First of all, sleep 7-9 hours per night. This is vital. If we get less than 6.5 hours of sleep (and this means actual sleep, not just time spent in bed) cortisol (our stress hormone) becomes elevated for up to 2-3 days afterward. Elevated cortisol causes, among other things, increased appetite and weight gain around the abdomen, BECAUSE it increases insulin resistance! Just what we are trying to avoid!
So how do we prioritize sleep? if it were easy to do, more people would be getting more sleep, so let's take a look at this.
If you aren't getting enough sleep, ask yourself: What is preventing me from getting more sleep? Some of the reasons patients give me for not getting enough sleep include: a partner who snores; having a baby/small children; getting sucked into social media/TV/the internet/ etc; their work schedule interferes with their sleep; it's the only time they have to themselves.
Let's look at these one by one.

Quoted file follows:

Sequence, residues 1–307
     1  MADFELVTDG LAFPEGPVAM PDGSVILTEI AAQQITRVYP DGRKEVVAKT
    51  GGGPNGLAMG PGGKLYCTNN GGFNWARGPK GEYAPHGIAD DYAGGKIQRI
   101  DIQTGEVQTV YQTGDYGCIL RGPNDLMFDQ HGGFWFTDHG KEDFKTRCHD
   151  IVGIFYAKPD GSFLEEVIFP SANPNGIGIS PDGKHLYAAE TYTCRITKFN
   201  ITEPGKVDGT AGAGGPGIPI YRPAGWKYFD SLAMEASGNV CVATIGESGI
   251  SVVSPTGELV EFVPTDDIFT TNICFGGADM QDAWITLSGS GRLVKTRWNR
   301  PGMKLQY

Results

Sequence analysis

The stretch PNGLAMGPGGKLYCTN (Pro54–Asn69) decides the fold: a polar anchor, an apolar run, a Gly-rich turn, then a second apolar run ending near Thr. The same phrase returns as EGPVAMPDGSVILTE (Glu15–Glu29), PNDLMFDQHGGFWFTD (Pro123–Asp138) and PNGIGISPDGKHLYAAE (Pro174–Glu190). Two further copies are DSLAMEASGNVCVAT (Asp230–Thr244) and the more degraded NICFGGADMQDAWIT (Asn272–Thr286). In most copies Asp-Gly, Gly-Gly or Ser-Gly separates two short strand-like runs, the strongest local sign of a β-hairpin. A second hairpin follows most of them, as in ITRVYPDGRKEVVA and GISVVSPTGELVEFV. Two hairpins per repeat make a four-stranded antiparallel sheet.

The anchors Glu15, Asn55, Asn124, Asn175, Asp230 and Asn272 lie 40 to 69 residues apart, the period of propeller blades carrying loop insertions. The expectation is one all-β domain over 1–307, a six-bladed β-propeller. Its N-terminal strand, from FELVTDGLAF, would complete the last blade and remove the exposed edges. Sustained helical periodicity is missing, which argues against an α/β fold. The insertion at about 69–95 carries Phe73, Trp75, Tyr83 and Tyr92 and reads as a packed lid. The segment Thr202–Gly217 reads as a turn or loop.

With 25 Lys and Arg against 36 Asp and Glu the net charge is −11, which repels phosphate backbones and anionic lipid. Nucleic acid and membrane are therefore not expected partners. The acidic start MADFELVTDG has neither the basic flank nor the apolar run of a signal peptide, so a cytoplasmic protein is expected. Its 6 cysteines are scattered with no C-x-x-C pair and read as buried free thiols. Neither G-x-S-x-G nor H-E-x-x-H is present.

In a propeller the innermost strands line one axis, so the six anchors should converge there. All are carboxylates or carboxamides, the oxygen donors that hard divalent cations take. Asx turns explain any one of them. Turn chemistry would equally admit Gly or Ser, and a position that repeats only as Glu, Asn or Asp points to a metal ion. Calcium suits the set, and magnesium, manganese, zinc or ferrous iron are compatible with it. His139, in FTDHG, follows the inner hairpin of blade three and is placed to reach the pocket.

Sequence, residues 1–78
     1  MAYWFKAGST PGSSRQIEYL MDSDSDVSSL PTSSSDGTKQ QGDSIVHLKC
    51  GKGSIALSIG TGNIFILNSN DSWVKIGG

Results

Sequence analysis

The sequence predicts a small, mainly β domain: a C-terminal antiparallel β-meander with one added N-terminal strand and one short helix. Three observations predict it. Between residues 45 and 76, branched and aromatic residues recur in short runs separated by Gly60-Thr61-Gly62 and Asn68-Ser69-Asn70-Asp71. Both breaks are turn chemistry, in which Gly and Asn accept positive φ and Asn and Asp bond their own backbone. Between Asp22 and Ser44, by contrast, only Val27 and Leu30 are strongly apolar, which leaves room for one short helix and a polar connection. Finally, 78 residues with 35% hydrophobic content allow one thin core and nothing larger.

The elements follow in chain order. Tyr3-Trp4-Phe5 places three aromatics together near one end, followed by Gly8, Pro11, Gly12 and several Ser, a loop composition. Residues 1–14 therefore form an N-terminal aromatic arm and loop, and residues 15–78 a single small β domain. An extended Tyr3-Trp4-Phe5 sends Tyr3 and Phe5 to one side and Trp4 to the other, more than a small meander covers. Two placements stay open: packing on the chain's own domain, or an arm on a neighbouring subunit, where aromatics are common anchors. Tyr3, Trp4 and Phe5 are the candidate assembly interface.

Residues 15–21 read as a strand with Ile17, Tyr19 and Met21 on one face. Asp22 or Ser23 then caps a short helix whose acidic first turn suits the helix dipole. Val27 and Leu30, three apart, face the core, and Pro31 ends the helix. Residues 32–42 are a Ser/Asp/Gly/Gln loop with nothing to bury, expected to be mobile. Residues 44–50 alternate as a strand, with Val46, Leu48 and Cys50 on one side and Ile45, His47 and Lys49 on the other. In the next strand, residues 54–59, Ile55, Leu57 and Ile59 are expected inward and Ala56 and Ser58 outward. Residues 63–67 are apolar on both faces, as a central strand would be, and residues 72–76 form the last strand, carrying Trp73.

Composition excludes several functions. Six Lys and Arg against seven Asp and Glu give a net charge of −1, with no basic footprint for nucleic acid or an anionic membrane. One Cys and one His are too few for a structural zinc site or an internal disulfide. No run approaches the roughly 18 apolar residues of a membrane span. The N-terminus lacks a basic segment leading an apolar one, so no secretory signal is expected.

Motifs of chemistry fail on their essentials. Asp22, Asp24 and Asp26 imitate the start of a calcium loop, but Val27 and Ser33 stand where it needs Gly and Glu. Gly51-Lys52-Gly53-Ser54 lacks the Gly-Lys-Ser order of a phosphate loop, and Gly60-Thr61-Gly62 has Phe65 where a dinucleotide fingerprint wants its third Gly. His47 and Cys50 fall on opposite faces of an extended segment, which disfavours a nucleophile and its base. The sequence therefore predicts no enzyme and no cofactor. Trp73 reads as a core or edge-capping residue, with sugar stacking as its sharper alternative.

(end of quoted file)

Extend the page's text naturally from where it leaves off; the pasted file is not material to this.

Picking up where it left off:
Snoring is a health issue. It impairs the quality of sleep of the snorer( and those around him or her). Snoring can be due to sleep apnea, which can be a component of high blood pressure. And it leads to insulin resistance. Get a sleep study and use a c-pap machine, OR use Breathe Right nasal strips, Bongo Rx, or get a mouth piece from your dentist.
Okay, small children are definitely sleep interrupters! And they are a priority. Other than taking naps while they're napping (hint hint)there's not much you can do. But they do grow up---so in the meantime, do what you can.